2.  This is not true of the Christian.  There are only two natures that can be experienced in this world.  The old and the new.  That of the devil and that of God.  That which is of the flesh and that which is of the Spirit.  And they are mutually exclusive.  They cannot be held together.  All human beings experience the former in every case.  Some also experience the latter by grace.  How then does the Christian still sin and how is this not indicative of a sinful character?

3.  I want to be very clear here.  This is not an easy subject.  So while it is obvious that I still sin, that since having been born of God almost 13 years ago, I have sinned in many ways, it is not indicative of my nature or character.  And this is not some philosophical mumbo-jumbo designed to self-justify.  There is a reality true of the children of God that is not true of an unrepentant sinner: the child of God is free, while the child of the devil is not.  What that means is that the unbeliever can only do what is pleasing to his father, the devil.  Again, Jesus: “You are of your father the devil, and your will is to do your father’s desires” (Jn 8.44).  Volitionally, the unbeliever is gladly enslaved to sin.  This volitional enslavement, or enslavement of the will arises from and evinces their sinful nature or character.

The Christian, on the other hand, has been “set free” by the Son and so we are “free indeed” (Jn 8.36).  Whereas the unbeliever has one option and can see no other but to delight themselves in what is most pleasing to them, namely, sinful desires, the Christian has been set free to be gladly enslaved to delight themselves in what is most pleasing to God.  And the Christian knows the other option too, namely, sinful desires.  The Christian knows both the desires of their heavenly Father and the desires of their former father.  Whereas the unbeliever can do nothing but sin, for they do nothing from faith (Rom 14.23), the believer can do what is pleasing to God and we can sin.  And when we do the latter, we are acting contrary to our new nature.  We are testifying falsely about Christ and our character.

4.  One more crucial reality must be tied to this.  I have confessed that Christians do still sin after being the recipients of divine and resurrecting grace.  To confess to the contrary is simply unbiblical and dangerous (1 Jn 1.8, 10).  But this must be said also: because of our new nature, the Christian is characteristically violent against sin.  In other words, the Christian will not stay there without a fight.  He will abide in the dark without turning on the flash light.  In fact, distinctive of the Christian is a walking in the light where God is, which is a metaphorical way of saying that the Christian does not desire to walk in sin, and if the Christian has committed sin, we do not desire to conceal it, but rather to confess it, to go public with it to our Father, and to our brothers and sisters in the body of Christ.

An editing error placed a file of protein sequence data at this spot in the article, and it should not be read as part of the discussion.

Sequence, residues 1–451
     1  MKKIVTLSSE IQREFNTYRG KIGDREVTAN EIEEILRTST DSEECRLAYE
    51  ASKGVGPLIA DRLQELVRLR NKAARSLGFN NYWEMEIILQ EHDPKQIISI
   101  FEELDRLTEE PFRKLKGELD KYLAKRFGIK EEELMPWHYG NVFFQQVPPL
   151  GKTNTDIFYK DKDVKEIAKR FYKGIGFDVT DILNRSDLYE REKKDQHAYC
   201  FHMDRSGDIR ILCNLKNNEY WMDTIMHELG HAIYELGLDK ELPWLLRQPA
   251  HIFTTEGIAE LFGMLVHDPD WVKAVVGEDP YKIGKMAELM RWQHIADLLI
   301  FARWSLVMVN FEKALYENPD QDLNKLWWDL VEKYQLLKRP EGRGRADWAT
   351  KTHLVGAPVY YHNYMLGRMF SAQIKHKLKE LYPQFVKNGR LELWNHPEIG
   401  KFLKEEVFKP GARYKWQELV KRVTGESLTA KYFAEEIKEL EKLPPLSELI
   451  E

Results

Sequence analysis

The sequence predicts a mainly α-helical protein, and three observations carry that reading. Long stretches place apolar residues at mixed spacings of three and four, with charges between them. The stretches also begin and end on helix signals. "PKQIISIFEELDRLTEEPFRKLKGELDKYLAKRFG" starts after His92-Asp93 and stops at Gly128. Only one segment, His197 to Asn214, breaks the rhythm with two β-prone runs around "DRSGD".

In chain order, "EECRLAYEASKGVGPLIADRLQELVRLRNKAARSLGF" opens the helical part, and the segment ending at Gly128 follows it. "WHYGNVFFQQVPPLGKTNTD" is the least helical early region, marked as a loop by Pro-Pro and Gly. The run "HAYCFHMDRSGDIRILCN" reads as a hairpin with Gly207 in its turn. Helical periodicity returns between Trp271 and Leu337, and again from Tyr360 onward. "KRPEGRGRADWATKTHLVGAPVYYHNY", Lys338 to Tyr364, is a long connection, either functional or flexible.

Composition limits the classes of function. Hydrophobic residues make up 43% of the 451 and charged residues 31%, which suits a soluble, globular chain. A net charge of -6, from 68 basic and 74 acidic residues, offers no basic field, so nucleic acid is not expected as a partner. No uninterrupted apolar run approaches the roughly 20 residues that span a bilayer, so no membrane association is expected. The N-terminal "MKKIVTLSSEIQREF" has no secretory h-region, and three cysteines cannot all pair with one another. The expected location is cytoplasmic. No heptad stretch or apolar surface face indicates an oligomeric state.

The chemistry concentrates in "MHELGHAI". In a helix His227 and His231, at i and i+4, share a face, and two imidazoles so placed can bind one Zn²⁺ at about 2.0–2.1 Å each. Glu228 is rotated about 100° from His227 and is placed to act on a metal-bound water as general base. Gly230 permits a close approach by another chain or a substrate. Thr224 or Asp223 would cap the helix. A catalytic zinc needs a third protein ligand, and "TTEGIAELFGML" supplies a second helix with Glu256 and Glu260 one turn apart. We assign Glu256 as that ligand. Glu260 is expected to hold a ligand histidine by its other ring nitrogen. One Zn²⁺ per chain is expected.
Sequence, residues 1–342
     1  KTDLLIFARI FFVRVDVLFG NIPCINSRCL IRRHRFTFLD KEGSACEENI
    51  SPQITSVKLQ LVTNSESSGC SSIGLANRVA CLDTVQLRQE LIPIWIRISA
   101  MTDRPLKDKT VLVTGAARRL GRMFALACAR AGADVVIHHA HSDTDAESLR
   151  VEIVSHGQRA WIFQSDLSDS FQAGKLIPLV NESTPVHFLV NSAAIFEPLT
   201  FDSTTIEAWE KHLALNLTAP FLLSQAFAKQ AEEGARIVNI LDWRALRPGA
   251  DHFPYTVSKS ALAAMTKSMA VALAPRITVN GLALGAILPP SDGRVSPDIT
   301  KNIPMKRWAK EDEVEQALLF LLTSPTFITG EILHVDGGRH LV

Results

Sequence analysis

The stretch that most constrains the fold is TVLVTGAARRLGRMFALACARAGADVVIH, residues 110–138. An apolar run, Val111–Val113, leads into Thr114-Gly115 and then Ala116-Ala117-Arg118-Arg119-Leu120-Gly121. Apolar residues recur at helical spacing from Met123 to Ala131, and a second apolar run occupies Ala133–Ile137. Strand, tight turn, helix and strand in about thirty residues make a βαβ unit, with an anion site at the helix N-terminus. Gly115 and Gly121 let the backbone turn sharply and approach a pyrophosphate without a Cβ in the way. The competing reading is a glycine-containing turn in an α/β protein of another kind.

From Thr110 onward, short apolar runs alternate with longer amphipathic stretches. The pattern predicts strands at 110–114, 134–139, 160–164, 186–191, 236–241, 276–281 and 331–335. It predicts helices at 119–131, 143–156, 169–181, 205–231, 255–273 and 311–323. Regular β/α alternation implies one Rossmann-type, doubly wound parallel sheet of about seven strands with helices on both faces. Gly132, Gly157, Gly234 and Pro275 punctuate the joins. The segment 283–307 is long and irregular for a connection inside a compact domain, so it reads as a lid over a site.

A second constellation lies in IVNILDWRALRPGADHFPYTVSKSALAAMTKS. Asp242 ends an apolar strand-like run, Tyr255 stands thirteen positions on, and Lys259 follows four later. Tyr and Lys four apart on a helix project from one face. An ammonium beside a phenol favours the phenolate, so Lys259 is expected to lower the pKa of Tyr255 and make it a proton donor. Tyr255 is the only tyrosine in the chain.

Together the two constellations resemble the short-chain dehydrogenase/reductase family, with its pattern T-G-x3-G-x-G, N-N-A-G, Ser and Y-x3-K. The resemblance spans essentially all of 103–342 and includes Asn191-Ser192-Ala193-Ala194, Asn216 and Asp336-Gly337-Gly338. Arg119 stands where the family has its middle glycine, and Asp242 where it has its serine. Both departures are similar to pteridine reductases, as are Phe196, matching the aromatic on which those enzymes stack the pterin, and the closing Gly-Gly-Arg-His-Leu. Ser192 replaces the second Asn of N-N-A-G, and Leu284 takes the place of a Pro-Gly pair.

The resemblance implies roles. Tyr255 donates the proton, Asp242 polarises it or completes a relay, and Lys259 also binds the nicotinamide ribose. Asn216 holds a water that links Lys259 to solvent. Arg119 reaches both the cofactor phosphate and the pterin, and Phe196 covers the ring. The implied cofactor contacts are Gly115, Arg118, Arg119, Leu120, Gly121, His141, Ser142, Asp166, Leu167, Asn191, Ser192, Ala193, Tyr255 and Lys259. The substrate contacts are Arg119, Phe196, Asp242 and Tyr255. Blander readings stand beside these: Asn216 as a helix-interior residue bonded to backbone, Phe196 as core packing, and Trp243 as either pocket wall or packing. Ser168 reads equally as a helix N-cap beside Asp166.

The Christian knows that Christ has taken away sins by His death on the cross, and that not just in a legal sense, i.e., our sins have been forgiven.  This is wonderfully true, but if this is not packaged with the new birth, it can lead to great misunderstandings about the Christian life and the call to personal and corporate holiness.  In other words, licentiousness (abusing God’s grace to justify our continuance in sin) happens when the truth of justification is severed from the truth of regeneration or the new birth.  But the Christian believes the Word of God, that Christ taking away sins means not only that Christ has brought about the forgiveness of our sins, but also the removal of the present power of sin — and very soon the presence of sin entirely in glory!  The Christian holds these together.  We have been forgiven by God in Christ.  And the very reason we have believed that is because we have been born again by God in Christ, by the working of His Spirit.  As we hold it together, it means that we who know that Christ has taken away our sins also know that we cannot and desire not to live in sins any longer.  We desire, pursue, strive for holiness of life.  Do we sin?  Yes.  But that is not our first love.  And, most importantly, by God’s Spirit, we are fighting against sin — this is all the difference in the world!  Is their a fight?  This distinguishes “of the devil,” from “of God.”  The child of God is a growing person.  We are growing up into Christ.  We are maturing in the ways of our Father.  We are being transformed day by day.  And so, although sin’s presence will not be fully eradicated until heaven, our love for and practice of sin grows less and less, while our love for and practice of holiness increases more and more.  If it doesn’t, we simply are not new.

Honoring God in an Unequally Yoked Marriage, by Sarah Flashing

There is an important question that needs our attention: How does a wife honor God’s intended plan for marriage in a circumstance that doesn’t comport with God’s plan to begin with?

Go here as Flashing unfolds her answer while dealing with the ministry of wives to husbands, the issue of functional egalitarianism in such marriages, and the necessity of the wives own personal spiritual health and its impact upon the health of unequally yoked marriages.